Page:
After weeks of negotiations, on July 31, 2012 the United States and Pakistan jointly signed a Memorandum of Understanding (MOU) for transporting NATO supplies to and from Afghanistan through Pakistan until the end of 2015. Here are the highlights of the agreement:
1. The Agreement officially ended Pakistan’s seven-month blockade on NATO supply lines in the country. The move came after U.S. Secretary of State, Hilary Clinton, officially apologized to Pakistan earlier this month for the air raid which killed 24 Pakistani soldiers at the Salala checkpoint.
2. The United Sates officially released another 1.1 billion dollars of Coalition Support Funds (CSF) to Pakistan. These State Department funds make up the bulk of U.S. aid to Pakistan. This is the first CSF installment since December 2010.
3. Pakistani officials maintain that the Agreement will not affect the country’s national interests. All cargo will be scanned in the port city of Karachi and at the border crossing points of Chaman and Torkham. Additionally, Pakistan reserves the right to reject certain types of cargo. For example, it has outlawed the transport of weapons. It will, however, allow NATO weapons that are typically transferred to the Afghan National Security Forces for capacity building purposes.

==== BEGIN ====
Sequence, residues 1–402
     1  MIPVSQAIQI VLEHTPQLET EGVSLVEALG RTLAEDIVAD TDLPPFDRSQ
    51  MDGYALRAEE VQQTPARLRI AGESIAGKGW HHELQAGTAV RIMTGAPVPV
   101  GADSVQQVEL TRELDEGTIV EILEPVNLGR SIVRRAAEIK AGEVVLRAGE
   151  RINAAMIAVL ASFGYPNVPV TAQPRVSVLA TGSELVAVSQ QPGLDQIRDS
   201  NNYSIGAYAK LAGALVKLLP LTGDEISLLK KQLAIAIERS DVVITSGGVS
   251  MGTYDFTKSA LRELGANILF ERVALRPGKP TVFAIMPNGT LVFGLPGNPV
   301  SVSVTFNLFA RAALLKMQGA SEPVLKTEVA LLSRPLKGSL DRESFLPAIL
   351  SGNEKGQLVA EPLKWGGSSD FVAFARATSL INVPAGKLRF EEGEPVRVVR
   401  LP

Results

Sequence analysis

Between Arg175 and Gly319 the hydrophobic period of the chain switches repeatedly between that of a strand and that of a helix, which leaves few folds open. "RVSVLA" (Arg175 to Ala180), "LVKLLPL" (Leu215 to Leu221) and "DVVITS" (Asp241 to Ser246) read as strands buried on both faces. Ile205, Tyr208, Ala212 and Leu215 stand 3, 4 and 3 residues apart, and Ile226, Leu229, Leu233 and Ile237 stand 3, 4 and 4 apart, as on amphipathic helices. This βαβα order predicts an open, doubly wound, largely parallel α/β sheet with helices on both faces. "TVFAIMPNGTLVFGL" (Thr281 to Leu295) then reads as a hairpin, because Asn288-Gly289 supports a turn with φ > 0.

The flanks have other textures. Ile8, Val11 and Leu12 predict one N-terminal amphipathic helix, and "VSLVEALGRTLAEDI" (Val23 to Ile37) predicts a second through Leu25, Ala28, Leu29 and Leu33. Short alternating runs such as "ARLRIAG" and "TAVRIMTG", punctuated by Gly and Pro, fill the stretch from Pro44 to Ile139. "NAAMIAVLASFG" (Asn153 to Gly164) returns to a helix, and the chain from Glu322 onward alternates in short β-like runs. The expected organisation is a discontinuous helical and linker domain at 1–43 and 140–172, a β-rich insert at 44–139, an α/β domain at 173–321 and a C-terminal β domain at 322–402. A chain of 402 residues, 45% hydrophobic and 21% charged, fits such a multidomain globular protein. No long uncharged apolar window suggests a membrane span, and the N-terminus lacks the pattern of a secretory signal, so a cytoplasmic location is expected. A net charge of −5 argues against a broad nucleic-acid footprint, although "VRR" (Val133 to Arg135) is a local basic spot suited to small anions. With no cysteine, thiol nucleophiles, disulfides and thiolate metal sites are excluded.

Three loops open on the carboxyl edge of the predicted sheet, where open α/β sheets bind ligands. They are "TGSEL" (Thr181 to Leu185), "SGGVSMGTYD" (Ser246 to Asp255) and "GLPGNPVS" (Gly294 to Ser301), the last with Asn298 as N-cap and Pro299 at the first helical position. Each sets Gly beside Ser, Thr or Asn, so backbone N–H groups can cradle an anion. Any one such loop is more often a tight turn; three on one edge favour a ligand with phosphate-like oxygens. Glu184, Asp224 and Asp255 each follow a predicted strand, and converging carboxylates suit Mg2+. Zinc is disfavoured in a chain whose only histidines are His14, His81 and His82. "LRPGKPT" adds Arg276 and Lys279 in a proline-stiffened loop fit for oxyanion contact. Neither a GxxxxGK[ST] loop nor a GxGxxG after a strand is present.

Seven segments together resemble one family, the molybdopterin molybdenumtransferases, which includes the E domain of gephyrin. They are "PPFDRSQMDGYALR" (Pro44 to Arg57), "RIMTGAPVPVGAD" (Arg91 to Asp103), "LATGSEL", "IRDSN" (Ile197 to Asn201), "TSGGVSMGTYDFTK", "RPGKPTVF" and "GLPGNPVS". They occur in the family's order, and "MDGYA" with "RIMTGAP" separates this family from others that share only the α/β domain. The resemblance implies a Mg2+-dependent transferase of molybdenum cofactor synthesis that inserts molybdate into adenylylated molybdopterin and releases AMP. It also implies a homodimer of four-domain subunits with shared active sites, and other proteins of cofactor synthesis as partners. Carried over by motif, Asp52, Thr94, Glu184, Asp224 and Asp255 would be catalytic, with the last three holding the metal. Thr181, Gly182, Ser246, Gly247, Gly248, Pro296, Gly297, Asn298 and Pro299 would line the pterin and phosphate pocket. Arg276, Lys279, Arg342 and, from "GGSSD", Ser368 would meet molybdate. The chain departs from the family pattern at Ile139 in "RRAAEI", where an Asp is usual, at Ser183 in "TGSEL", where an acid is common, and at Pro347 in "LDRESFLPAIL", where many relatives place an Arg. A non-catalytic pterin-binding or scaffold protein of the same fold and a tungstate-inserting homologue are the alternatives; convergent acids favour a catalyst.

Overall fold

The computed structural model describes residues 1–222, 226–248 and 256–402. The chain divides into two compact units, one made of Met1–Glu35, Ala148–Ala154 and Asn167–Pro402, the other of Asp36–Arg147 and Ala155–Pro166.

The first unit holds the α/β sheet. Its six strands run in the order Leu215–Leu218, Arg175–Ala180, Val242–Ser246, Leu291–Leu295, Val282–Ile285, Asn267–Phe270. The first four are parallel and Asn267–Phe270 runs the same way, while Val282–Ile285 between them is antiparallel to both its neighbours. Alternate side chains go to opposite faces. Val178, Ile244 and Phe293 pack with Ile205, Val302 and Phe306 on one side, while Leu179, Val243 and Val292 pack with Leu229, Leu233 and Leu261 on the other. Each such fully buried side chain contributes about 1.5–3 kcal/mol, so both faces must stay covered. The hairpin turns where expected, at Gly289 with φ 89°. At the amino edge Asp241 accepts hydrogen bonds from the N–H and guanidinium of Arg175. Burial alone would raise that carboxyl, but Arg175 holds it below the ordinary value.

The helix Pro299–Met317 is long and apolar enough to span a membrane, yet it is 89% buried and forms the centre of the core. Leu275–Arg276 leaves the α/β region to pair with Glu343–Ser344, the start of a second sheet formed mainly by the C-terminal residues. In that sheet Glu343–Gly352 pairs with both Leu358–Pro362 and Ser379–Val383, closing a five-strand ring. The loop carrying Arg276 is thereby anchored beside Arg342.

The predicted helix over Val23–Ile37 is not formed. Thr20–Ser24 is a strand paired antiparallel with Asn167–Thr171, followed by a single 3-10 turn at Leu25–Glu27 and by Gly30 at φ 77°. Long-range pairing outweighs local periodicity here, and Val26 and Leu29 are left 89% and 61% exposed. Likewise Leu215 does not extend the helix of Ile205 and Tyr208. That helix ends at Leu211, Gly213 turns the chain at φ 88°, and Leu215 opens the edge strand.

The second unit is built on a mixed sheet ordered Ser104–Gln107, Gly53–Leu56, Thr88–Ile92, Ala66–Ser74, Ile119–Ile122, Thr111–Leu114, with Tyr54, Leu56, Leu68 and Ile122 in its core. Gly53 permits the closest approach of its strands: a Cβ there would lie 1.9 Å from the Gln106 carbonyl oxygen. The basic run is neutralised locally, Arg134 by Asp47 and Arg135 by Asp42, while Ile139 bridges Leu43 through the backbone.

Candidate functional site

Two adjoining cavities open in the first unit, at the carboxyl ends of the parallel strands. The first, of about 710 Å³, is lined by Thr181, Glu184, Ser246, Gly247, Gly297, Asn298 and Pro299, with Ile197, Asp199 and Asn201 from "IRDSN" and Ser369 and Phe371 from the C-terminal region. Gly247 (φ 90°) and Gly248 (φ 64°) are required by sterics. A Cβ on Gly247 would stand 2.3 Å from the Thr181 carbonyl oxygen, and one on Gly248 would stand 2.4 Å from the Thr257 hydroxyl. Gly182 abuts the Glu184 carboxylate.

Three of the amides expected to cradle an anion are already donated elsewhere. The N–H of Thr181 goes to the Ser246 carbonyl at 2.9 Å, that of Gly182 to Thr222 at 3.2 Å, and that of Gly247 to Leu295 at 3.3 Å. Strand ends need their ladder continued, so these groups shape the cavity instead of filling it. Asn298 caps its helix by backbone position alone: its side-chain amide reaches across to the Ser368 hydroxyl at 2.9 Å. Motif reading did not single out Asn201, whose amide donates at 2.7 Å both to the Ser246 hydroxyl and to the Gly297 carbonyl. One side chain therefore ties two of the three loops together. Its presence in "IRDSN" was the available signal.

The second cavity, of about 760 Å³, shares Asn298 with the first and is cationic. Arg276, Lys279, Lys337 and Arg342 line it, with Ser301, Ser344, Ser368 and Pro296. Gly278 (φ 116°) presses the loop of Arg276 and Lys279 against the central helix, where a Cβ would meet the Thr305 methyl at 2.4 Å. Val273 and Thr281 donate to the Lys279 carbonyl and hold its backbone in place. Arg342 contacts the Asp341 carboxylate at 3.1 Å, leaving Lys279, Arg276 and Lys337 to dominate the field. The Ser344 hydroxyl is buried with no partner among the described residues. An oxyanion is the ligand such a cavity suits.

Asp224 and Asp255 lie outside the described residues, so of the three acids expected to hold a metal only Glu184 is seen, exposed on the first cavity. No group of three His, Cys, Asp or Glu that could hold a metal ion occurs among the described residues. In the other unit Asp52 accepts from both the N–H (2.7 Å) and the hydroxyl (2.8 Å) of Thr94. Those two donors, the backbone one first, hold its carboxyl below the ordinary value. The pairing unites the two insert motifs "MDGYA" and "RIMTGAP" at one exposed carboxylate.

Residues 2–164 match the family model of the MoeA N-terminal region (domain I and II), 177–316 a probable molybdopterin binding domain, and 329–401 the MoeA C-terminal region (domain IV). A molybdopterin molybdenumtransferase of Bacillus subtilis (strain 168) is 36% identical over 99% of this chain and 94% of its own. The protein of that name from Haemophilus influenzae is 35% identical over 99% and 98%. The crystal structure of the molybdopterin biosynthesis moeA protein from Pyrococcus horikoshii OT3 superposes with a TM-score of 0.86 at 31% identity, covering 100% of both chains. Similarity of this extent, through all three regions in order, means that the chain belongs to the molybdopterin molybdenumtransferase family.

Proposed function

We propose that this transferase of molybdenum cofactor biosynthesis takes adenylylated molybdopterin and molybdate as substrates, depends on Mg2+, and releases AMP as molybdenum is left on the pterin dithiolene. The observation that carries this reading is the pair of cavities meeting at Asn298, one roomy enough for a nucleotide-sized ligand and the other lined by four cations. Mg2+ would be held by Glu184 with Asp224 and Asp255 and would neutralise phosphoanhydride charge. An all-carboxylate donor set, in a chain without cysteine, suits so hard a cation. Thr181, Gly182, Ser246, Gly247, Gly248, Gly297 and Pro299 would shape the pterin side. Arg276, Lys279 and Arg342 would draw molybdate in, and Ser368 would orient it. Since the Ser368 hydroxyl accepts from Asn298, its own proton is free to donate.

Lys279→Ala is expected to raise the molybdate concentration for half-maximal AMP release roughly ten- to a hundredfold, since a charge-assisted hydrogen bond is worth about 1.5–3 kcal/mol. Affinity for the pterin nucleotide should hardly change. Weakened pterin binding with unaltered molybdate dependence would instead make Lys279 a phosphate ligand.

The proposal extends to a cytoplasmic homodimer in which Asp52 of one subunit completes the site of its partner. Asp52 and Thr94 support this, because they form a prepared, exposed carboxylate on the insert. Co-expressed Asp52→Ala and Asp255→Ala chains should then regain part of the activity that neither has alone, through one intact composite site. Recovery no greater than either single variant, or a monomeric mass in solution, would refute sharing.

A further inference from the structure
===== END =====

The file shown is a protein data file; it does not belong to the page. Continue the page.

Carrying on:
4. Amidst a string of tensions between both countries, the MOU is perceived as a breakthrough in rebuilding U.S.-Pakistan ties. Many perceive an official agreement governing U.S.- Pakistan counter-terrorism cooperation as a significant step toward a more transparent relationship between both countries. Shortly after the signing of the memorandum, Pakistan army chief General Ashfaq Kayani met in Rawalpindi with General John Allen, chief of the International Security Assistance Forces (ISAF) in Afghanistan. According to Kayani, “[the meeting] helped towards improving strategic and operational understanding between the Pakistan military and ISAF.” The meeting suggests growing cooperation between the Pakistan military and the ISAF forces in Afghanistan.
5. According to an official statement by U.S. Embassy spokesperson, Mark Stroh, the Agreement was undertaken by the United States to respect Pakistan’s sovereignty. Stroh’s comments come in light of numerous U.S. violations of Pakistani sovereignty, including drone attacks, the Abottabad raid, and accidental air strike,s such as the Salala raid.